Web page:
At least three interrelated and interacting, but analytically distinct elements:

  1. Preexisting institutional arrangements, both “analog” and “digital”
  2. Technology (availability, pricing, development, …); physical and logical layer
  3. Content-related aspect (content “supply” and “demand”; content diversity, quality, etc., but also human factor: ability to process information, knowledge, and entertainment, incl. level of education, literacy, etc.)

Focus on (1) = importance of preexisting institutional arrangements

  • Analog” institutions have huge impact on formation of digital institutions; analog and digital not clearly separable
    • Example 1: Legal system: Consider what is required to establish a Virtual World such as Second Life? [(1) establishing Linden Research Inc.; (2) creating platform – requires everything from corporate law over contract to IPR]
    • Example 2: Economic system: Consider the role of financial system, e.g. micro-credits in low-income countries; cf. Grameen village phones project
  • “Digital” institutional arrangements, too, have impact on formation of new digital institutions
    • Internet: Esp. digital institutions at logical layer of the Net for providing services at content layer (fundamental example: ICANN – domain name system)
    • Offline, but digital: phone networks (incl. mobile) and other infrastructure as prerequisite for digital entrepreneurs (here, intersection with second element: technological development)
  • These few remarks illustrate interdependency and complexity, both at theoretical and practical level. Now: digging deeper in a case-study mode (Iqbal, Mike, Colin) – as one way to deal with complexity.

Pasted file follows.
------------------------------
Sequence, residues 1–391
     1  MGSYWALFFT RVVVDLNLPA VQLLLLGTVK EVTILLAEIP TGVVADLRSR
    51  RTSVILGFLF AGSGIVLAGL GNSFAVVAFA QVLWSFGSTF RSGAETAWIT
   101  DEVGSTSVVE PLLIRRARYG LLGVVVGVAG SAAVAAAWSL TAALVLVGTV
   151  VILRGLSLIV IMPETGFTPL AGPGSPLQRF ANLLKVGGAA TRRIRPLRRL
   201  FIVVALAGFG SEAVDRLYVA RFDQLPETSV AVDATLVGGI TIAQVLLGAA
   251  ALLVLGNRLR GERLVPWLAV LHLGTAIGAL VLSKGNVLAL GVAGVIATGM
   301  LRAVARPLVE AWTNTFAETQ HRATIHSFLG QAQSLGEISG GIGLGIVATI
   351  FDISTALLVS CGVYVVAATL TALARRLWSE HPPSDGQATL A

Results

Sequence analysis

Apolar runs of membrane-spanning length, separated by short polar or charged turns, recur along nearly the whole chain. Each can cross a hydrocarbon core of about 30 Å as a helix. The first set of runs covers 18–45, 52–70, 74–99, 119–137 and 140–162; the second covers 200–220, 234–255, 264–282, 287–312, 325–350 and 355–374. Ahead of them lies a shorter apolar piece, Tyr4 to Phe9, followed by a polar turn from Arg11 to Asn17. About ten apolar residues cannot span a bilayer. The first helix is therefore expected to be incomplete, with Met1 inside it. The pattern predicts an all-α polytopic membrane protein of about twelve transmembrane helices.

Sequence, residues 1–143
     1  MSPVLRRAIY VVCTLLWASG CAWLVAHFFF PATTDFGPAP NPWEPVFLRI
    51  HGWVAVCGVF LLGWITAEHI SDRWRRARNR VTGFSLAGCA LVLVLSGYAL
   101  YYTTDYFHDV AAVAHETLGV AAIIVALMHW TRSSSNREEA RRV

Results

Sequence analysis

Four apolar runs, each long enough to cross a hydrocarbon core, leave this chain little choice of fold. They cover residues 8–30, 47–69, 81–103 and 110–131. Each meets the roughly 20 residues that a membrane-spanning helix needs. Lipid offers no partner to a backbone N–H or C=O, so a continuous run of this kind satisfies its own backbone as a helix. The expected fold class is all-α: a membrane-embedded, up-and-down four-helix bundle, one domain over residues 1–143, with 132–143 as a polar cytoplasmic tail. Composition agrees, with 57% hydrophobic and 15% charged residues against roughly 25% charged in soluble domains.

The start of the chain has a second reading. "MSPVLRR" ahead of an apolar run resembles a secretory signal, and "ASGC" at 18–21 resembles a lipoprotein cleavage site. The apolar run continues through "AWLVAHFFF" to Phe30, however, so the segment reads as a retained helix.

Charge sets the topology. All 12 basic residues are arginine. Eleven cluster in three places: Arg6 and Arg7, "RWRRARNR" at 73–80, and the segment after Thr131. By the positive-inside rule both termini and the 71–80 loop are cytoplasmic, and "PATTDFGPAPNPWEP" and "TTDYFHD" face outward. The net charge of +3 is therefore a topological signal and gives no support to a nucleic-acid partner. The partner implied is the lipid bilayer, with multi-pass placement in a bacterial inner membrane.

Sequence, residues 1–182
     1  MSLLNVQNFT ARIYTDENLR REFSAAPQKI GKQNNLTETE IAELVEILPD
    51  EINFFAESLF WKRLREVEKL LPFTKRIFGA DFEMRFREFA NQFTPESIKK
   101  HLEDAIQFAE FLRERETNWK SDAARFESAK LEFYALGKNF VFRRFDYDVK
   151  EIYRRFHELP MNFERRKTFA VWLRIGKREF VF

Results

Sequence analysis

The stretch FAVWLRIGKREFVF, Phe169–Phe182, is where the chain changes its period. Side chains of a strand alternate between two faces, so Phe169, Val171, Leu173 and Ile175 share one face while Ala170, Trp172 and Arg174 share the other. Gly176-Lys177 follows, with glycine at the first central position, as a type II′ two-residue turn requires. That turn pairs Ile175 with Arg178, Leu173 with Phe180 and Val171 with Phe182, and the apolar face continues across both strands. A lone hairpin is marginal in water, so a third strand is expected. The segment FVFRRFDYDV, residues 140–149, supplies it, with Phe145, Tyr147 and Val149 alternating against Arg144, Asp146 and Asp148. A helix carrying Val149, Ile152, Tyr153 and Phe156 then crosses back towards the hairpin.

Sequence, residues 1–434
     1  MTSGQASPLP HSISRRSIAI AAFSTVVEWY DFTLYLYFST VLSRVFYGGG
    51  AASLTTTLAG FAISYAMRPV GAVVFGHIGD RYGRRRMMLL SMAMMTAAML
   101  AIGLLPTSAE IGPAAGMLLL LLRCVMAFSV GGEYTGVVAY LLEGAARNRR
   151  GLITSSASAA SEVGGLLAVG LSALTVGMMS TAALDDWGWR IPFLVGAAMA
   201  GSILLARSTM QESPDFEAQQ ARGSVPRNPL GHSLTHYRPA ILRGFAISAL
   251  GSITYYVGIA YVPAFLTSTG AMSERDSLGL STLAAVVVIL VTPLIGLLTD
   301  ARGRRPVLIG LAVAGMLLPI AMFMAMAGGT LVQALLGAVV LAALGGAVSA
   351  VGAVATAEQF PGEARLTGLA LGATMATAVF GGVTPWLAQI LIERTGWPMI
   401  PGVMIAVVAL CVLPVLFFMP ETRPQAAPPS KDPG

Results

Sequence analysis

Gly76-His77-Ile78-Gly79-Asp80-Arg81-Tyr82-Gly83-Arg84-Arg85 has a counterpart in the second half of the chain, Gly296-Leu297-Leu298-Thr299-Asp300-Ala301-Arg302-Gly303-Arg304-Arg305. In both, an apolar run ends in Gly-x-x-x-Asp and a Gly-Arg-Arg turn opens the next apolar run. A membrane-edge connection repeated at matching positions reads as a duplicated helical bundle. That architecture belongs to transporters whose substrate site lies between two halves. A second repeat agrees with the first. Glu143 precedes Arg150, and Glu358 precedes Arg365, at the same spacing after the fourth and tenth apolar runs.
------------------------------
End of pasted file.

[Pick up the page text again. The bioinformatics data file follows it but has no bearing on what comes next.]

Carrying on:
So far my remarks. After sessions with formal presentations covering issues such as trust and reciprocity, social signaling, stabilizing cooperation, dispute resolution, institution formation, virtual economics, and authentication and several hours of brainstorming, we came up with some sort of loosely joined research agenda as well as two or three more specific project ideas. In my perception, the multi-layered discussions centered around three core questions or perspectives: (1) What have we learned and what can we learn from existing and evolving digital institutions? (2) How could we build or use digital institutions to address or solve specific problems? (3) How can we change the offline environment to support the formation of digital institutions? The two days have made clear that in each area we are only at the beginning of a long, but exciting and promising conversation.

2 Comments »

  1. Joseph Savirimuthu

    May 26, 2006 @ 4:16 am

    1

    Excellent take Gasser – this is spooky! I am currently working on a protect that aims to make explicit the ambivalence that surrounds debates on transnational governance and institutional design with regard to “law as a system” and “law as structure”.
    Js

  2. Law and Information » Blog Archive » Promises and Limits of a Law and Economics Approach to IPR in Cyberage

    May 19, 2007 @ 4:35 pm

    2

    […] Over the past few weeks, our graduate students at the Univ. of St. Gallen have done quite some heavy lifting in the three courses that I described here. In my own course on law and economics of intellectual property rights in the digital age, we’ve completed the second part of the course, which consisted of three modules dealing with digital copyright, software and biz methods patents, and trademarks/domain name disputes. We were very fortunate to have the support of three wonderful guest lecturers. Professor John Palfrey taught a terrific class on digital media law and policy (find here his debriefing and putting-into-context). Klaus Schubert, partner with WilmerHale, provided an excellent overview of the current state of software patenting in and across the EU, in the U.S., and Japan and made us think about the hard policy questions up for discussion. Last week, Professor Philippe Gillieron from the Univ. of Lausanne discussed with us the legal and economic aspects of domain name disputes and ways to solve them (the focus was on UDRP – in my view a particularly interesting topic when analyzed through the lens of new institutional economics theory, see also here for variations on this theme.) […]